This begins to make sense of the bewildering complexities of the developing SMT world we have been led into. Could it be that the reason the gene picture is unique to each patient is that it is their unique symptom, not the cause at all, and, as we all know, treating symptoms rarely leads to a resolution - exactly the result we have seen and continue to see for approaches based on SMT. There is now open acknowledgement of the uniqueness of a patient’s condition in the developing science of Personalised Medicine, which sadly doesn’t refer to treating people respectfully and compassionately as individuals - as we hight have hoped - but means that their genes are studied as candidates for a raft of expensive targeted drugs. Largely speaking, the only clear winners over the last decades, particularly since the ‘War on Cancer’ began in earnest, have been those on the receiving end of the untold billions spent on research and treatment.
Furthermore, the recent science of epigenetics has fundamentally changed the way we look at genes. Early gene theory led people to believe that bad genes = bad health. This understanding has since been superceded by the realisation that lifestyle and environment has everything to do with how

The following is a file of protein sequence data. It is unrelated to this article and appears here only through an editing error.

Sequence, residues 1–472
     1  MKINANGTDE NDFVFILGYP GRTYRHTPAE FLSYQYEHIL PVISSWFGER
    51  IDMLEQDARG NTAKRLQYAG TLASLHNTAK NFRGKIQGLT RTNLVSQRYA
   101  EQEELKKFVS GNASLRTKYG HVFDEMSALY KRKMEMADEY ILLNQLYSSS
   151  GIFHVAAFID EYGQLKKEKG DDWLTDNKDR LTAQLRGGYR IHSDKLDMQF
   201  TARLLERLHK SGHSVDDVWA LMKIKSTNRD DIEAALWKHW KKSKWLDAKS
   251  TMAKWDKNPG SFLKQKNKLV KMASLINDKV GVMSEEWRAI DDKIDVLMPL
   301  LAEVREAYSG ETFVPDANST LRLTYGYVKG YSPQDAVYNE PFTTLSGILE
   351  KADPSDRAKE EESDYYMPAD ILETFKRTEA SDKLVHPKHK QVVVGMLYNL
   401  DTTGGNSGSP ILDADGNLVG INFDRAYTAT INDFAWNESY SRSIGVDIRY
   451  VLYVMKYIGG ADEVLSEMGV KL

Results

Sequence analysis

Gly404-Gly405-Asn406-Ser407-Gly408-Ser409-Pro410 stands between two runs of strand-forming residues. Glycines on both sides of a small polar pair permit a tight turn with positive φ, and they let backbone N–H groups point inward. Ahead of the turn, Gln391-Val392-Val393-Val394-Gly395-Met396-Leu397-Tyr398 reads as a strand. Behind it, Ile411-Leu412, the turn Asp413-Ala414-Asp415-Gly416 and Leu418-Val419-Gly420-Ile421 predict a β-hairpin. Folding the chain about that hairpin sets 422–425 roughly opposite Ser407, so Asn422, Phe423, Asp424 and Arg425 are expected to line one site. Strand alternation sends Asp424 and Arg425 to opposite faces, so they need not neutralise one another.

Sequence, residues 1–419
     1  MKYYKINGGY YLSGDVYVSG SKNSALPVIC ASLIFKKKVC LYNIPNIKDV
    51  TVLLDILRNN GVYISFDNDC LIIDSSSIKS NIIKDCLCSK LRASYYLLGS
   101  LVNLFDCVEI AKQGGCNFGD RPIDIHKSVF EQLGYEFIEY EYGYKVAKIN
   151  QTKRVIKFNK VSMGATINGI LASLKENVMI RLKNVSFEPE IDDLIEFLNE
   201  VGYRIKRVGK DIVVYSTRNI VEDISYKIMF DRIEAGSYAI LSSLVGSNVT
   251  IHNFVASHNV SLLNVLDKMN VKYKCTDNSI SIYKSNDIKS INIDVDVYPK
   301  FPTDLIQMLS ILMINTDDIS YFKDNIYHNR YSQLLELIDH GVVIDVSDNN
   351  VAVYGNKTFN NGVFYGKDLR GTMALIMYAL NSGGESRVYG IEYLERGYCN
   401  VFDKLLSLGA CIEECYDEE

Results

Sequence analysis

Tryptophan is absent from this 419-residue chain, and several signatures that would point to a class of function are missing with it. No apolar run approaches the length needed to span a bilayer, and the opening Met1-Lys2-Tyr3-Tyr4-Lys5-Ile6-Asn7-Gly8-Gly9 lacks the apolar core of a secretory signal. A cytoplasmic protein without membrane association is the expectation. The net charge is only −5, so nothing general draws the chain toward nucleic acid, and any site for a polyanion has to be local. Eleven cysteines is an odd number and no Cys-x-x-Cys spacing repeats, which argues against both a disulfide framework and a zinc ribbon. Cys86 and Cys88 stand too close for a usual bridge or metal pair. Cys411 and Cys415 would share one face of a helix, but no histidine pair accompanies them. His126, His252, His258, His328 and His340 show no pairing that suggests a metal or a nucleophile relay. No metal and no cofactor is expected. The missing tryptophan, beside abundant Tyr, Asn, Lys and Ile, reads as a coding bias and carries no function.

genes ‘express’ themselves. You may have genes with the potential for a particular outcome - the BRCA genes for breast cancer being probably the best known examples - but whether they do or not has everything to do with your general health and your environment.
If, as Christofferson’s book maintains, Warburg was right all along, how on earth are we going to get research and treatment back on track again? A glaring feature of Paul Davies’ advice is that, in contrast to the economics of SMT, there are no big bucks to be made there. In fact, contained in this understanding of the cause of cancer, is the information needed on which to build public health policies to start to actually reduce the incidence of cancer at last, and therefore to reverse the seemingly unstoppable growth of the ‘cancer industry’ - a startlingly parallel situation to cancer itself!
It follows that the impetus for this desperately needed change of direction is never likely to come from corporations or from any body of decision makers that is in any way funded or influenced by them. That pretty much leaves us - ordinary people whose families are being laid waste by cancer - to take up the baton and force a change for the better by informing one another and making our own choices. At this point, we simply can’t afford to allow cancer science and treatment to ‘follow the money’.
Read more blogs from Robin here.
Cancer as a Metabolic Disease: On the Origin, Management, and Prevention of Cancer: Thomas Seyfried
Tripping Over the Truth - The Metabolic Theory of Cancer: Travis Christofferson